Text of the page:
Review

Scand J Work Environ Health 2021;47(4):249-257    pdf full text

doi:10.5271/sjweh.3938

Is job strain associated with a higher risk of type 2 diabetes mellitus? A systematic review and meta-analysis of prospective cohort studies

by Li W, Yi G, Chen Z, Dai X, Wu J, Peng Y, Ruan W, Lu Z, Wang D

Objectives Epidemiological studies have explored the relationship between work-related stress and the risk of type 2 diabetes mellitus (T2DM), but it remains unclear on whether work-related stress could increase the risk of T2DM. We aimed to evaluate the association between job strain and the risk of T2DM.

Methods We searched PubMed and Web of Science up to April 2019. Summary risk estimates were calculated by random-effect models. And the analysis was also conducted stratifying by gender, study location, smoking, drinking, body mass index, physical activity, family history of T2DM, education and T2DM ascertainment. Studies with binary job strain and quadrants based on the job strain model were analyzed separately.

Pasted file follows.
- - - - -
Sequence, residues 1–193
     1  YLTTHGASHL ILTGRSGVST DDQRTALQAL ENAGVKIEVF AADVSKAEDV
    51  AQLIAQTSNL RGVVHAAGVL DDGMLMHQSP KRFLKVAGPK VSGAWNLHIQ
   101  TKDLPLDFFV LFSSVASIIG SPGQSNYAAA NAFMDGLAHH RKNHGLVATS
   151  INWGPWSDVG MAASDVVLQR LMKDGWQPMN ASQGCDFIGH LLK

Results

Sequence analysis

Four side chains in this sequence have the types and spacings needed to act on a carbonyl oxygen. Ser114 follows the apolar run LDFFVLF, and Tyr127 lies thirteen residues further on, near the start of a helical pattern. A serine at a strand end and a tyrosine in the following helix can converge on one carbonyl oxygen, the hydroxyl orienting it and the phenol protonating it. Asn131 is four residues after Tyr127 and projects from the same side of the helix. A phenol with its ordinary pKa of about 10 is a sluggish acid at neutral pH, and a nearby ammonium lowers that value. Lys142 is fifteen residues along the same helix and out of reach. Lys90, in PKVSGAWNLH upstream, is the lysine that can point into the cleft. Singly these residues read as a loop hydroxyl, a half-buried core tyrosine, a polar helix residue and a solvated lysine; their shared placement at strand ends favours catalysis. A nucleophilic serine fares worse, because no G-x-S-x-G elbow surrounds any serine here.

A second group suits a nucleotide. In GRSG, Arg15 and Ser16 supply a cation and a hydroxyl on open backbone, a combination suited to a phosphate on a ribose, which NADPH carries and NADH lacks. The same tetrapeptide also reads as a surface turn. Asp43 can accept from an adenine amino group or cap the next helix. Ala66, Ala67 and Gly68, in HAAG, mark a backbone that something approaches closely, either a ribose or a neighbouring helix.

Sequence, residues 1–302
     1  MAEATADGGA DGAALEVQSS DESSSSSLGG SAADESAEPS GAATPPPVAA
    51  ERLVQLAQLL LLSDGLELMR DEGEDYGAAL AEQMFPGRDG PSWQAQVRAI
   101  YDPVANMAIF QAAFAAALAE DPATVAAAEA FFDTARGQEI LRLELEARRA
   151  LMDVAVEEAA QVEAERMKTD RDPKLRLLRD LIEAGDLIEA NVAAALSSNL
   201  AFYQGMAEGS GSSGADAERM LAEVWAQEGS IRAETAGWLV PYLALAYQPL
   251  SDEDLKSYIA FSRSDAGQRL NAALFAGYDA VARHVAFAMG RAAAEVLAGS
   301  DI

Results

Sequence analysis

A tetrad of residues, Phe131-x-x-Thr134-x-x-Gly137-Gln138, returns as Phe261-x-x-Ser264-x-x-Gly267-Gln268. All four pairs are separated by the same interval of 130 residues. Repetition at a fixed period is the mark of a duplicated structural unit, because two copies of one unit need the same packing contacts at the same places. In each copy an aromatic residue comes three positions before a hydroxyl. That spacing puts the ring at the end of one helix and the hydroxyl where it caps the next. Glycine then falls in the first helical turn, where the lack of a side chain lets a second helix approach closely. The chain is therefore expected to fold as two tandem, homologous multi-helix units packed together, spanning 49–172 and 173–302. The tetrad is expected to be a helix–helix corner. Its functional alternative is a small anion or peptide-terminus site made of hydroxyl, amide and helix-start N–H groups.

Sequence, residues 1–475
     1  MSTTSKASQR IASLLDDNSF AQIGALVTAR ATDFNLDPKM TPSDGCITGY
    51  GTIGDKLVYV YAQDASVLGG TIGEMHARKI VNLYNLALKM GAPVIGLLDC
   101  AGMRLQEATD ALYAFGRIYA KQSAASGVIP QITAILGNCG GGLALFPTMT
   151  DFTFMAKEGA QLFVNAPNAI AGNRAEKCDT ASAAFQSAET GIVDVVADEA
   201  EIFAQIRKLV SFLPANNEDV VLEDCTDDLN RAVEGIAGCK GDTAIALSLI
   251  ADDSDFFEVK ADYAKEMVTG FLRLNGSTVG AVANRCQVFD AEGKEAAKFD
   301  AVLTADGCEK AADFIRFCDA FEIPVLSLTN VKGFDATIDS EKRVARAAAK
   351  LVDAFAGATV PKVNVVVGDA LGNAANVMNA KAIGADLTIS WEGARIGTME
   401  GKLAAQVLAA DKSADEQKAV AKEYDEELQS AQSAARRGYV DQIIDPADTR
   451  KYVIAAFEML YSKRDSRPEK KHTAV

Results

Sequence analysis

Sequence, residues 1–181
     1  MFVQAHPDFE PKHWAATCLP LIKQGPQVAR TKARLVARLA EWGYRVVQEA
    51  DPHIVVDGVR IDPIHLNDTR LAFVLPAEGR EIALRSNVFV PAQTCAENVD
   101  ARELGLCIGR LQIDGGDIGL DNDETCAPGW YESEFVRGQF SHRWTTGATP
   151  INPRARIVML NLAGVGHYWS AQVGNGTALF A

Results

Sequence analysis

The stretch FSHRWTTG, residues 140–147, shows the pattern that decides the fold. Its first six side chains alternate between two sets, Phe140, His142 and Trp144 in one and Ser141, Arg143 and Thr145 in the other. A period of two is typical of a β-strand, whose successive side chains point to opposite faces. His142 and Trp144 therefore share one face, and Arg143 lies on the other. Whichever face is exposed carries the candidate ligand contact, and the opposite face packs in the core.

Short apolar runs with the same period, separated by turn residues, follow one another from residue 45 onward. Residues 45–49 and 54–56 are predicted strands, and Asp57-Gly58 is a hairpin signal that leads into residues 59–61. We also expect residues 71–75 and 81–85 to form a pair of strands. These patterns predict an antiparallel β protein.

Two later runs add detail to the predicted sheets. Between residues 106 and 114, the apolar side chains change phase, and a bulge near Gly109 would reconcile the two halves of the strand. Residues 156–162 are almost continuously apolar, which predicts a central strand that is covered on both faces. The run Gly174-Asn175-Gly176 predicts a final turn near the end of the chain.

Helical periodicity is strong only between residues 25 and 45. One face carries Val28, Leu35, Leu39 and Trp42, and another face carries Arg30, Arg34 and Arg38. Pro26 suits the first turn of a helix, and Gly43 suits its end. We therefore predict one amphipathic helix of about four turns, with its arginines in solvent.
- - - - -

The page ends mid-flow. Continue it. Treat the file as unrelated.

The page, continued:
Results A total of nine studies with 210 939 participants free of T2DM were included in this analysis. High job strain (high job demands and low control) was associated with the overall risk of T2DM compared with no job strain (all other combinations) [relative risk (RR) 1.16, 95% confidence interval (CI) 1.03–1.31], and the association was more evident in women (RR 1.48, 95% CI 1.02–2.14). A statistically significant association was also observed when using high strain as a category (job strain quadrants) rather than binary variable (RR 1.62, 95% CI 1.04–2.55) in women but not men.

Conclusions Our study suggests that job strain is an important risk factor for T2DM, especially among women. Appropriate preventive interventions in populations with high job strain would contribute to a reduction in T2DM risk.

This article refers to the following text of the Journal: 2014;40(1):89-95